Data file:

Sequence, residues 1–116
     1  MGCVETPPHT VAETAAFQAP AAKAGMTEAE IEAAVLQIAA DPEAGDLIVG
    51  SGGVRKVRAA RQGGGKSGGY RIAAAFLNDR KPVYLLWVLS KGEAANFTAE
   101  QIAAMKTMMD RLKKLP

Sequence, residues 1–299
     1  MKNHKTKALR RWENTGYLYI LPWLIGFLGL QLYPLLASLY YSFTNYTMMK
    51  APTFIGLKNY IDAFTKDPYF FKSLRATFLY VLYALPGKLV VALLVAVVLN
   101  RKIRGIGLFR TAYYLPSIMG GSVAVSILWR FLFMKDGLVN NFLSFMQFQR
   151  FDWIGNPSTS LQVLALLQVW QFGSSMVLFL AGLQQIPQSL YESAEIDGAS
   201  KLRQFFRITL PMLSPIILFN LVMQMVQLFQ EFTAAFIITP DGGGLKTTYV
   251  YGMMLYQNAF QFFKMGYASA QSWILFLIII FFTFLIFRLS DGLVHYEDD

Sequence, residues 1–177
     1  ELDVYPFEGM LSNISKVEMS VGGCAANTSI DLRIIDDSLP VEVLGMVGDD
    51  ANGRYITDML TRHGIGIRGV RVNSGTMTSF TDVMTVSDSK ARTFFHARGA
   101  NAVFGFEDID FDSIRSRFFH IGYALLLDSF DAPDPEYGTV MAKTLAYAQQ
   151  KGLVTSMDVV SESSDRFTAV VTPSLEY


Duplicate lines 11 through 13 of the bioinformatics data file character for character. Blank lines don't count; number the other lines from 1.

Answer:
   251  YGMMLYQNAF QFFKMGYASA QSWILFLIII FFTFLIFRLS DGLVHYEDD

Sequence, residues 1–177
     1  ELDVYPFEGM LSNISKVEMS VGGCAANTSI DLRIIDDSLP VEVLGMVGDD